Candlestick: Where 'anything could happen' was the norm

Harbaugh: 'That's the best birthday present I've ever gotten'

Candlestick: Where 'anything could happen' was the norm
December 23, 2013, 10:45 pm
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NaVorro Bowman's final stat line Monday night: 11 tackles, 3 tackles for loss, pass defended, 89-yard interception return for touchdown. (USA TODAY IMAGES)

Programming note: Watch 49ers Press Conference Live with Jim Harbaugh today at Noon on CSN Bay Area, or streaming live right here.

Well, that went about the way nobody expected. Candlestick Park’s putative last stand is a brilliantly handsy touchdown by a linebacker to avert a near grisly loss caused by the same linebacker’s non-handsy play.

If that makes no sense to you, then Candlestick has done its job. NaVorro Bowman, who couldn’t field an onside kick that gave the Atlanta Falcons the ball inside the San Francisco 30, could field a deflected pass and turn it into an 89-yard touchdown, and the San Francisco 49ers snatched a 34-24 victory from the jaws of a defeat snatched from the jaws of victory.

It wasn’t the greatest moment in the joint’s history, or even in the Top 10. But as metaphors for the rank old concrete courtesan go – c’est magnifique!

And while most people will struggle to find a grand historical context for Bowman’s two moments, the truth is this: The win probably prolongs San Francisco’s futile chase for the first seed in the NFC playoffs, but shows the value of persistence in a joint where one had to persevere just walking inside.

The 49ers are still the five-seed, and facing the odd Chicago Bears in a first-round matchup (pending Sunday’s developments). They could still beat Arizona in Glendale, watch Seattle lose at home to St. Louis, and become the host to two more games at Le Stique – and talk about a case of what dead Romans used to call immatura festis.

More likely, Seattle will beat the Rams, and the 49ers will have to beat the Cardinals to stay fifth and draw either Chicago (not good) or Green Bay (slightly less good than that) and avoid playing either Philadelphia (not easy) or Dallas (infinitely preferable to nearly anything).

In that way, Monday’s salute to the Junkheap on Jamestown was a little less than full-throated, because it had to be – and also because it was mostly a whopping fib people told themselves to gain admittance to the party.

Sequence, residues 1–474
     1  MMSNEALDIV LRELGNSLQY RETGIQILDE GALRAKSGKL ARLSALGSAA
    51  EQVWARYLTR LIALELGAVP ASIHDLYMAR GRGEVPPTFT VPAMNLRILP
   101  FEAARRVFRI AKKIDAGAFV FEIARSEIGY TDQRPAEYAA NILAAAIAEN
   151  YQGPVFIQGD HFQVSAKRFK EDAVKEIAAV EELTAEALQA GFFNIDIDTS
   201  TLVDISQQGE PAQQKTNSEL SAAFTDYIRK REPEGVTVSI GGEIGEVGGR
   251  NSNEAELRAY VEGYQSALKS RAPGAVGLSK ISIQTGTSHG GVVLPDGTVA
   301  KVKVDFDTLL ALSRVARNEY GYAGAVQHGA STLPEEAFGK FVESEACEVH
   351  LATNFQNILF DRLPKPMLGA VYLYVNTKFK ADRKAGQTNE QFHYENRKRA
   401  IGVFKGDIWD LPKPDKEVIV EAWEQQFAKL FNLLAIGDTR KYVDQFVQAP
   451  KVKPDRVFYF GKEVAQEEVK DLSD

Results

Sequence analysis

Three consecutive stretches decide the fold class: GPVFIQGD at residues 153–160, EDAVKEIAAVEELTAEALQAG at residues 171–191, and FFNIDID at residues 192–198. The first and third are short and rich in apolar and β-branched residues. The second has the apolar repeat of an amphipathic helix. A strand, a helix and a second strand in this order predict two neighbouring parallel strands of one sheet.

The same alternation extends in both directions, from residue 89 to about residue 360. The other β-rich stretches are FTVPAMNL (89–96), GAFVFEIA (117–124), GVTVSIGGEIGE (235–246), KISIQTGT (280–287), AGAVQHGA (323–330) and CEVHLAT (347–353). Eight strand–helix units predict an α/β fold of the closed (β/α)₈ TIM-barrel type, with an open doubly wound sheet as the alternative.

You see, nobody ever liked Candlestick even Monday; losing to the Falcons would have been just effective a metaphor as the one Bowman provided. Truth is, nobody even tried to own the old joint until it became fashionable, and it only became fashionable when the 49ers pulled the feeding tube and the ventilator. Everyone hated the place, for the low-tide whiff and the sod that couldn’t take root and the cold and the flooded parking lots and the wind and the fog and the narrow concourses and the gastrically aggressive seagulls and everything else. People even hated it through the earthquake, when the place had its finest hour, saving 63,000 in the building and countless thousands more who left work early to watch Game 3 of the World Series and missed the collapsed roads.

But now that the end is here, more or less, the warm feelings and memories and hidden charms never before discussed are oozing to the top in a frenzied burst of “Well, I have to write/say something because deadline’s in an hour” with a side of “This is a nice easy one. Round up the usual suspects.”

Fine. Pretend all you want. Candlestick knows. Candlestick heard every lousy thing you ever said, and gave it back in kind. This was a hate-hate relationship almost from the start, and to pretend it isn’t like that now is the height of disingenuousness.

And if you can’t lie to yourselves while watching NaVorro Bowman show why he is the best defensive player the team has, and while the 49ers can win, lose and win the same game in the final three minutes without blinking, you’re just not getting the real Candlestick Legacy.

It was a place where anything could happen, often did, and in weirder ways than you could conjure in your most febrile fantasies. And the real price of admission was losing the feeling in your extremities.

Monday showed us that was a small enough price to pay. It also showed us that the new stadium has a lot to live up, and down, to. Believe that.